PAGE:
Event Title

Modeling Freshwater Mussel Distribution in Relation to Biotic and Abiotic Habitat Variables in the Middle Fork John Day River, Oregon

Presenter Information

Ericka Hegeman

Location

ECC 303

Event Website

http://water.usu.edu/

Start Date

4-3-2012 10:40 AM

End Date

4-3-2012 11:00 AM

Description

The habitat requirements of western freshwater mussels, Anodonta, Gonidea, and Margaritifera remain unclear despite their imperiled status. To improve the efficacy of restoration actions targeting these organisms, we used Random Forest modeling to investigate the biotic and abiotic factors influencing mussel density and distribution throughout a 55- kilometer segment of river. We collected data at both the reach and channel unit scale to investigate how mussel-habitat relationships vary with spatial scale. Margaritifera density exhibited a unimodal distribution while Anodonta and Gonidea density increased in a downstream direction. Model performance was greatest with Margaritifera at the reach scale, and reach scale models generally outperformed channel unit scale models. Physical habitat characteristics such as woody debris, emergent aquatic vegetation, substrate size, and channel shape generally had higher variable importance than hydraulic, biotic, and chemical variables. These results suggest that at the reach and channel unit scale, mussel abundance and distribution is influenced by high flow refugia and habitat heterogeneity. We anticipate that knowledge gained from this study will assist mussel restoration efforts by providing specific guidance about where suitable habitat may occur.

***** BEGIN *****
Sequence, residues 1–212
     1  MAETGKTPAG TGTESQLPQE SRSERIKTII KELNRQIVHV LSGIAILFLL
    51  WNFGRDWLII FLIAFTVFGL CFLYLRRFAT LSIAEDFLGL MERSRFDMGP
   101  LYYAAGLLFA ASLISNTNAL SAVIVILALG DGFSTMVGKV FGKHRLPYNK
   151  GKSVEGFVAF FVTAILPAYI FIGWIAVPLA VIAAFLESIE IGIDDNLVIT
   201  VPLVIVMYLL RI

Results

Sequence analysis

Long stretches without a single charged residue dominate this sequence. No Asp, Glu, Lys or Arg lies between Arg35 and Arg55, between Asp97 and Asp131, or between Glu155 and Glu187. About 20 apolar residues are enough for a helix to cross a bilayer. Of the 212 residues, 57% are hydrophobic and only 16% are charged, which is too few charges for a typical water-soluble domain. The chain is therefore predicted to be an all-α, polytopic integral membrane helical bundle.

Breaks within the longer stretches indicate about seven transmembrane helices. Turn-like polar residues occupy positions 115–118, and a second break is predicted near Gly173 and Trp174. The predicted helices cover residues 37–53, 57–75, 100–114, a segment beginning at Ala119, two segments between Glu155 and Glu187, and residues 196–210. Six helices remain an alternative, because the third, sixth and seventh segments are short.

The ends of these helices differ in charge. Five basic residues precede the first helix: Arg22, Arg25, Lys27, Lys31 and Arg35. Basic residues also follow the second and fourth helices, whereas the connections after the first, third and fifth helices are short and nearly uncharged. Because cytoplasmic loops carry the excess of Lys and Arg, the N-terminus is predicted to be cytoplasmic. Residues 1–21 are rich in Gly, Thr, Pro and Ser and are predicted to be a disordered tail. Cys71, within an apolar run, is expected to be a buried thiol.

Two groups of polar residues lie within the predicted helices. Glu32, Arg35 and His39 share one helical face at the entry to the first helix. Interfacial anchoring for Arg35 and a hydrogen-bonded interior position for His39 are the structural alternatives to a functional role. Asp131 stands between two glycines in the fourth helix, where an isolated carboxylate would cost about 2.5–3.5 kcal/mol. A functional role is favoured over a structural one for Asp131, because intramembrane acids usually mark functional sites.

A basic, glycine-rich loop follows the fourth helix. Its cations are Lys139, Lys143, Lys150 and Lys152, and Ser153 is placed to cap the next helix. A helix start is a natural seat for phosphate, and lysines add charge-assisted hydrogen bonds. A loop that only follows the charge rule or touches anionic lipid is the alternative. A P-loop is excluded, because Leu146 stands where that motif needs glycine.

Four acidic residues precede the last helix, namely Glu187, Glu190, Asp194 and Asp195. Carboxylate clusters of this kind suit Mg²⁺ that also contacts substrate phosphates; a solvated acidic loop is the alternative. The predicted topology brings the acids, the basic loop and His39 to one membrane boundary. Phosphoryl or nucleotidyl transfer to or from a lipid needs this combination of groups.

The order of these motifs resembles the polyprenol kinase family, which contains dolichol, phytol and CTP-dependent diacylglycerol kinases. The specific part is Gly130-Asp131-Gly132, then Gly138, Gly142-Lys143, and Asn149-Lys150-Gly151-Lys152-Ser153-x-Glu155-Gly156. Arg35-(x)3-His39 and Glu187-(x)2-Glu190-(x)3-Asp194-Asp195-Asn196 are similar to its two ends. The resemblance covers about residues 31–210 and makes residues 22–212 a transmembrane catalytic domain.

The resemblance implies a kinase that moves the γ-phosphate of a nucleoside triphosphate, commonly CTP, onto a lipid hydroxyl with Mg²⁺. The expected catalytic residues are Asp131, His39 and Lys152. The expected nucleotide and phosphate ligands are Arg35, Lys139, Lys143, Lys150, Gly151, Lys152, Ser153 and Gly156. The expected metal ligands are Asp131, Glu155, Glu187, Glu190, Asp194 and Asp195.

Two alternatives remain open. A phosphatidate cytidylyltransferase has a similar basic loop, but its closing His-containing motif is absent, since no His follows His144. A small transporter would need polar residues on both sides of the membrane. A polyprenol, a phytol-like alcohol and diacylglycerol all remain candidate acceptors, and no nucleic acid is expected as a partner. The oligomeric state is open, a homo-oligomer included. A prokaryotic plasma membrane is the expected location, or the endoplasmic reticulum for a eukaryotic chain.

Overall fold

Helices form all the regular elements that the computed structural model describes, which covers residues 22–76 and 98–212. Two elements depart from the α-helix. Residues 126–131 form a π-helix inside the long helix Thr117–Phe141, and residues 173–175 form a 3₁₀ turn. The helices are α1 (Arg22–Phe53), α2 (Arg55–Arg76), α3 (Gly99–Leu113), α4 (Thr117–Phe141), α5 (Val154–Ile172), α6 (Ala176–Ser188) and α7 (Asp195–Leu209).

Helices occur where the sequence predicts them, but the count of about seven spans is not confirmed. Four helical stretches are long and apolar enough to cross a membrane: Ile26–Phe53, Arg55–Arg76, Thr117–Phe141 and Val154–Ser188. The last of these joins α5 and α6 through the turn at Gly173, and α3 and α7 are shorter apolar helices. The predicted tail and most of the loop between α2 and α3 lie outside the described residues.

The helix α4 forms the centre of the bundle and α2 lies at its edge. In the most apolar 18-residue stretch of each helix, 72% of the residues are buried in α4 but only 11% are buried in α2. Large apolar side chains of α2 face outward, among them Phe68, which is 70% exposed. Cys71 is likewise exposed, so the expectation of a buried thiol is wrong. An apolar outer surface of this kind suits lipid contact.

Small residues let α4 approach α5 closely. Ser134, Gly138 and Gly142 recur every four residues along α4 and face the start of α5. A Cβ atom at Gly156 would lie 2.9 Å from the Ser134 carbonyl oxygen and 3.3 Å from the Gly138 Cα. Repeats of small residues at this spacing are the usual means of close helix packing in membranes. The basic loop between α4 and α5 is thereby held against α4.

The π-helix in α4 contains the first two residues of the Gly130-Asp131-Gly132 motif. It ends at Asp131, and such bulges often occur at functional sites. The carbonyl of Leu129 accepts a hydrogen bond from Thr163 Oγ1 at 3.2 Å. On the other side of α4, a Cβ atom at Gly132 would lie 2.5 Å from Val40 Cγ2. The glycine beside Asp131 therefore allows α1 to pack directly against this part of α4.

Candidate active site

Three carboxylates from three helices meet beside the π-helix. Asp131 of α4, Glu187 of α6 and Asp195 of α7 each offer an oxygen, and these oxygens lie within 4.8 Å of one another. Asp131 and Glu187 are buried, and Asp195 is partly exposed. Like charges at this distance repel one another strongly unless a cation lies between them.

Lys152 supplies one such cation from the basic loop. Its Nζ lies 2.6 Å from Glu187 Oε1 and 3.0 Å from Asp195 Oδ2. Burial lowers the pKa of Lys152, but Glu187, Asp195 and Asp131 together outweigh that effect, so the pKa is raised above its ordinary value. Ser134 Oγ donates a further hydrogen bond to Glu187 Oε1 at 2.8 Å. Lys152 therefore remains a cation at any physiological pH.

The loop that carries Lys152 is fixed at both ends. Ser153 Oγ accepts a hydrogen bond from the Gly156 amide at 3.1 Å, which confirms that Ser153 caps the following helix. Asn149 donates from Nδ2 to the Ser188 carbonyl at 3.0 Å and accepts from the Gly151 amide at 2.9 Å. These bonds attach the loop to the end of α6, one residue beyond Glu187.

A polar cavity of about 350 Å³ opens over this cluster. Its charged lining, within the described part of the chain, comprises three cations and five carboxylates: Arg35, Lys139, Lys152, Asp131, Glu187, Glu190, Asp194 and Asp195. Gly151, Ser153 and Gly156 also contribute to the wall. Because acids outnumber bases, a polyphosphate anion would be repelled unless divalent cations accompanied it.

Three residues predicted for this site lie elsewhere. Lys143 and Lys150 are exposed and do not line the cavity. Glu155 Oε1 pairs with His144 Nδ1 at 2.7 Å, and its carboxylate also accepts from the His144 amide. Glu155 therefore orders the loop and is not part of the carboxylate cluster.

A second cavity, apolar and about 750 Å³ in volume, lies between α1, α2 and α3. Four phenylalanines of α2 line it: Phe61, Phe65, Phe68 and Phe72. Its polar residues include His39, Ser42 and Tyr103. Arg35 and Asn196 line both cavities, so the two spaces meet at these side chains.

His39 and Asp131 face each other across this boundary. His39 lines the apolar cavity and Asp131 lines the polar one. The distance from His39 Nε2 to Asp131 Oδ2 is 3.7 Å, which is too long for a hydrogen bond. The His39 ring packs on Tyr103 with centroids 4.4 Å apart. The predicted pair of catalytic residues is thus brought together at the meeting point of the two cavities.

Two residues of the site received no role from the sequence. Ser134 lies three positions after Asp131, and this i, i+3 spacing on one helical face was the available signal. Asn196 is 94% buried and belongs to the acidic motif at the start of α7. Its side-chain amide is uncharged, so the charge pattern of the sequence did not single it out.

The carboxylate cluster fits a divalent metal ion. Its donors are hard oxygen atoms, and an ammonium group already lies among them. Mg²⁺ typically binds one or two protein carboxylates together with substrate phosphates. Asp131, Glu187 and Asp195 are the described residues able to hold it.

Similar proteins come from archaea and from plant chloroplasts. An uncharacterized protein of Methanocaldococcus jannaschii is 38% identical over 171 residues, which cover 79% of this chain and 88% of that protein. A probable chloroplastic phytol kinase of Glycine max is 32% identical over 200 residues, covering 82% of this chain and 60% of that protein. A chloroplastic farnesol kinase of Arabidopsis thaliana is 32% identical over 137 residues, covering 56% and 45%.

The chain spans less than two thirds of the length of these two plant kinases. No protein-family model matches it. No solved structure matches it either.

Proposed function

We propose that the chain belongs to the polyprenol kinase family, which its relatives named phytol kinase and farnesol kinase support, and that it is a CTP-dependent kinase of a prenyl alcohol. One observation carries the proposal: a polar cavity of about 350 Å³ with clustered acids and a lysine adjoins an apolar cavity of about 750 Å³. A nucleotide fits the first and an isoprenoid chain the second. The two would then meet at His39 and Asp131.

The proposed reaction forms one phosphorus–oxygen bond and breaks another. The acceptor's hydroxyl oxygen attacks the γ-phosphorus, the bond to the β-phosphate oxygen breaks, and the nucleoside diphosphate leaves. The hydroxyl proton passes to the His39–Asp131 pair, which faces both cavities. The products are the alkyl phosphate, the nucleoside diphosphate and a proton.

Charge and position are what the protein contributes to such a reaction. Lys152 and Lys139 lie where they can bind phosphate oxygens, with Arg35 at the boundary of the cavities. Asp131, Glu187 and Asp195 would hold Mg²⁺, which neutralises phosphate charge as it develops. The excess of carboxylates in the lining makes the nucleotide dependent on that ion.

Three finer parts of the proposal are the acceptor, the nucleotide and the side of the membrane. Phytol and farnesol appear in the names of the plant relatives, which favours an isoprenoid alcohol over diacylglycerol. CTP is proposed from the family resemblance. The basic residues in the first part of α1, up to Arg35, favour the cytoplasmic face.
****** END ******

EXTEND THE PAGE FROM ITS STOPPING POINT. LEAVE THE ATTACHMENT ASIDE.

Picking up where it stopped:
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Apr 3rd, 10:40 AM Apr 3rd, 11:00 AM

Modeling Freshwater Mussel Distribution in Relation to Biotic and Abiotic Habitat Variables in the Middle Fork John Day River, Oregon

ECC 303

The habitat requirements of western freshwater mussels, Anodonta, Gonidea, and Margaritifera remain unclear despite their imperiled status. To improve the efficacy of restoration actions targeting these organisms, we used Random Forest modeling to investigate the biotic and abiotic factors influencing mussel density and distribution throughout a 55- kilometer segment of river. We collected data at both the reach and channel unit scale to investigate how mussel-habitat relationships vary with spatial scale. Margaritifera density exhibited a unimodal distribution while Anodonta and Gonidea density increased in a downstream direction. Model performance was greatest with Margaritifera at the reach scale, and reach scale models generally outperformed channel unit scale models. Physical habitat characteristics such as woody debris, emergent aquatic vegetation, substrate size, and channel shape generally had higher variable importance than hydraulic, biotic, and chemical variables. These results suggest that at the reach and channel unit scale, mussel abundance and distribution is influenced by high flow refugia and habitat heterogeneity. We anticipate that knowledge gained from this study will assist mussel restoration efforts by providing specific guidance about where suitable habitat may occur.

https://digitalcommons.usu.edu/runoff/2012/AllAbstracts/2